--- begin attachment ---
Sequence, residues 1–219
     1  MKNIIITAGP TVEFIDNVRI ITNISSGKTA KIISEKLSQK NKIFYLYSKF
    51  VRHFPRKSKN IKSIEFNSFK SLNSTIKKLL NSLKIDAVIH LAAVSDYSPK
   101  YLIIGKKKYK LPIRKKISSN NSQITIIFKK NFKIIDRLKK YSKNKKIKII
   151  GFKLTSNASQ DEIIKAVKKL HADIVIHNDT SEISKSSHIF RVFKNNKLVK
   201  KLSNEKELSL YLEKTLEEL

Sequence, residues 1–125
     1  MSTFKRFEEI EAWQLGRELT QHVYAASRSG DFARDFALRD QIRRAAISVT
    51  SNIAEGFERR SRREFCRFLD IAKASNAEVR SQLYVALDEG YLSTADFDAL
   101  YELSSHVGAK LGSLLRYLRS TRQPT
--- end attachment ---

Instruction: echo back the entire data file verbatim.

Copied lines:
Sequence, residues 1–219
     1  MKNIIITAGP TVEFIDNVRI ITNISSGKTA KIISEKLSQK NKIFYLYSKF
    51  VRHFPRKSKN IKSIEFNSFK SLNSTIKKLL NSLKIDAVIH LAAVSDYSPK
   101  YLIIGKKKYK LPIRKKISSN NSQITIIFKK NFKIIDRLKK YSKNKKIKII
   151  GFKLTSNASQ DEIIKAVKKL HADIVIHNDT SEISKSSHIF RVFKNNKLVK
   201  KLSNEKELSL YLEKTLEEL

Sequence, residues 1–125
     1  MSTFKRFEEI EAWQLGRELT QHVYAASRSG DFARDFALRD QIRRAAISVT
    51  SNIAEGFERR SRREFCRFLD IAKASNAEVR SQLYVALDEG YLSTADFDAL
   101  YELSSHVGAK LGSLLRYLRS TRQPT